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Purdue vs. Wisconsin: Joel Stave, passing game carry offense in Badgers' win

A look at how the offense fared against Purdue and how the passing game once again carried Wisconsin.

Jeff Hanisch-USA TODAY Sports

The Purdue Boilermakers (1-6. 0-3) came into Saturday's game against the Wisconsin Badgers (5-2, 2-1) at Camp Randall Stadium giving up over 215 yards per game. The possibility of a productive running game, continuing the trend seen in the fourth quarter of last week's 23-21 win at Nebraska, was possible.

With the injuries to junior center Dan Voltz (left elbow) and redshirt freshman Taiwan Deal (ankle) forcing them out of action Saturday, the Badgers gained only 96 yards at a 2.6 per=carry clip. UW once again relied on its passing game to the tune of 322 yards and seven players catching balls in a 24-7 victory over the Boilermakers.

The Good

1. The passing game. Redshirt senior quarterback Joel Stave completed over 75 percent of his passes on 30 of 39 attempts. His second consecutive 300-yard game marks the first time a UW quarterback has done so since 2011 and the first in consecutive conference games since Jim Sorgi in 2003.

Stave hit seven different targets, who atoned for their drops last week. Wide receivers caught 19 of Stave's 30 completions, led by redshirt senior Alex Erickson with nine for 86 yards.

Until junior running back Corey Clement comes back, the passing game will probably have to carry this offense. Stave has a chance for another 300-yard performance next week against Illinois, though the Fighting Illini give up only 181 yards per game through the air (and their defense is 30th in the nation in total defense). If he does that, it'll be the first time since Randy Wright in 1983 that a Badgers quarterback has thrown for 300 yards in three consecutive years.

It's the era of #AirStave, as the senior has thrown for 244 yards per game, completing over 62 percent of his passes.

2. Alec Ingold's 1-yard touchdown run. The true freshman and prep-quarterback-turned-college-inside-linebacker-turned-tailback gets the "Man-Bear-Pig of the Week" award for his effort on the 4th-and-goal touchdown run from the 1-yard line out of 32 personnel. Not only does he get hit behind the line of scrimmage, but he fights off tackles and barrels in. Shades of larger, versatile runners like Craig "Ironhead" Hayward and Mike Alstott come to mind.

3. Complements to Erickson in the passing game. Junior wide receiver Robert Wheelwright already has 25 receptions on the season and redshirt sophomore Jazz Peavy has 12. The Badgers' receivers as a whole have caught 90 passes on the season through seven games, only 42 of them have been by Erickson. Last season, Erickson caught 55 balls while the rest of the position group had 39.

On Saturday, wide receivers caught almost two-thirds of Stave's completions. Wheelwright caught six, with Peavy showing some impressive YAC ability on his two receptions of 20 and 28 yards.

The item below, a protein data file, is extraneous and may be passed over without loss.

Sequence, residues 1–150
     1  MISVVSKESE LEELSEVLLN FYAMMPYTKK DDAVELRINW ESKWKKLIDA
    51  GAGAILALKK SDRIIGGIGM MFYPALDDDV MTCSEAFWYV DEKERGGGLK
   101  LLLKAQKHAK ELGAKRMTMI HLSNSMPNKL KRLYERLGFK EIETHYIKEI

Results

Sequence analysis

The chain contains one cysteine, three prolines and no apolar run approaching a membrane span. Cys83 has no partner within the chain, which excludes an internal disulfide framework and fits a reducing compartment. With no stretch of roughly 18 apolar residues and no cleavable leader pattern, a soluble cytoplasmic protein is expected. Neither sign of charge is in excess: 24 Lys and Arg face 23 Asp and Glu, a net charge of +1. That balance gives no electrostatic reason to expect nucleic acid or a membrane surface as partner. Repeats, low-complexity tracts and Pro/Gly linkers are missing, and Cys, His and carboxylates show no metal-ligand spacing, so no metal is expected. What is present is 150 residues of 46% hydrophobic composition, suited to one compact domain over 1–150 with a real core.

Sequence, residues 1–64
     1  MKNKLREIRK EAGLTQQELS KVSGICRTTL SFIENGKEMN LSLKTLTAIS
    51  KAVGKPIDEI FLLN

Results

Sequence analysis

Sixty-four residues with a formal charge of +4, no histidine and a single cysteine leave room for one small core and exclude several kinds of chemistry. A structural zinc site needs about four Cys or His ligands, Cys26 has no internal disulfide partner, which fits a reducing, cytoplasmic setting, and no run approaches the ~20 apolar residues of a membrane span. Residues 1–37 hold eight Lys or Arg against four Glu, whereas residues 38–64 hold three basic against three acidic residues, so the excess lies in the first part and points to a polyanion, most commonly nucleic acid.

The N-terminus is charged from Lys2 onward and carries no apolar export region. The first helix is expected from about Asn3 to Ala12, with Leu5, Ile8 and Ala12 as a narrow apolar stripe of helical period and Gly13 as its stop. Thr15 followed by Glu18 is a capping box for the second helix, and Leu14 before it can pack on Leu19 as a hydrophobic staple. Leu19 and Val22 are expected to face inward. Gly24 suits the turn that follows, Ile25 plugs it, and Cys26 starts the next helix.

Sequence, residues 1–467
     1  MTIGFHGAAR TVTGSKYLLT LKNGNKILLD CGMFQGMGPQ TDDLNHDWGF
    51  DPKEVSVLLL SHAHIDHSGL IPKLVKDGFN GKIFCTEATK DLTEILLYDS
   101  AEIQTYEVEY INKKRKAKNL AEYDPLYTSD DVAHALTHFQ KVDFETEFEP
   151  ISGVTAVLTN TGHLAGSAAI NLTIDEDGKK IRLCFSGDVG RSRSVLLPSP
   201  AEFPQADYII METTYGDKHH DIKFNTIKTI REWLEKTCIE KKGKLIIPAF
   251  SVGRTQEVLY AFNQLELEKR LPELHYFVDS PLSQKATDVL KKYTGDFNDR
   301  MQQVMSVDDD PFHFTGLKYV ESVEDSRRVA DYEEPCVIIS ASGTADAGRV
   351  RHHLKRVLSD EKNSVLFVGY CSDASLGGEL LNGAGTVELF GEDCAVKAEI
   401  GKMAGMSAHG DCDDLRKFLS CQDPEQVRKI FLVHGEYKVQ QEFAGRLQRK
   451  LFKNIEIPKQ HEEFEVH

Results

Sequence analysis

Paul Chryst's pro-style offense has made a clear impact with the development of this group.

4. Third-down conversions. Seven-of-14 is an improvement over the struggles Wisconsin has seen in this aspect of its offense. The Badgers were also helped by a couple of Purdue penalties on third down that helped move the chains as well.

5. Long, sustained drives in the first half. All four of Wisconsin's drives in the first half lasted 10-plus plays and all went at least 50 yards. It's a staple of this 2015 Wisconsin offense without a bonafide game-breaker like Melvin Gordon or Clement available. UW out-gained Purdue 272-61 in the first two quarters, which leads to our next segue...

The Bad

1. Stave's interception and missed opportunities in the first half. Wisconsin dominated the first half in yards, time of possession (20:22 to 9:38) and other statistics, yet it was still a one-score game until the end of the third quarter.

Stave's interception was due to pressure by the Boilermakers' pass rush. Wheelwright was heading to Stave's left, though it didn't appear he'd get the first with several Purdue defenders in front of him. The Badgers were knocking on the door in the red zone on Purdue's 16-yard line. The return by safety Leroy Clark set up Purdue's lone score.

The Badgers also missed another solid drive in a two-minute look at the end of the first half. Stave drove the Badgers down in 10 plays to the Purdue 17 to set up sophomore kicker Rafael Gaglianone's 35-yard attempt -- which was blocked.

2. Run game stymied. Even though the Badgers were missing Voltz and Deal, Purdue was 110th in the nation against the run. It appeared the Boilermakers sold out against the run and limited the Badgers to under 3 yards per carry.

The good news: Wisconsin's three touchdowns on the afternoon came from running the ball.

3. Procedural penalties. On the drive that ended with Stave's fifth interception of the season, a false start attributed to redshirt junior running back Dare Ogunbowale pushed the offense back from a 3rd-and-8 to a 3rd-and-13. False starts by the offense also stunted progression on other drives, including back-to-back infractions on Wisconsin's first drive of the second half (a false start and a delay of game) pushed a manageable 3rd-and-5 to a 3rd-and-15. The drive was halted.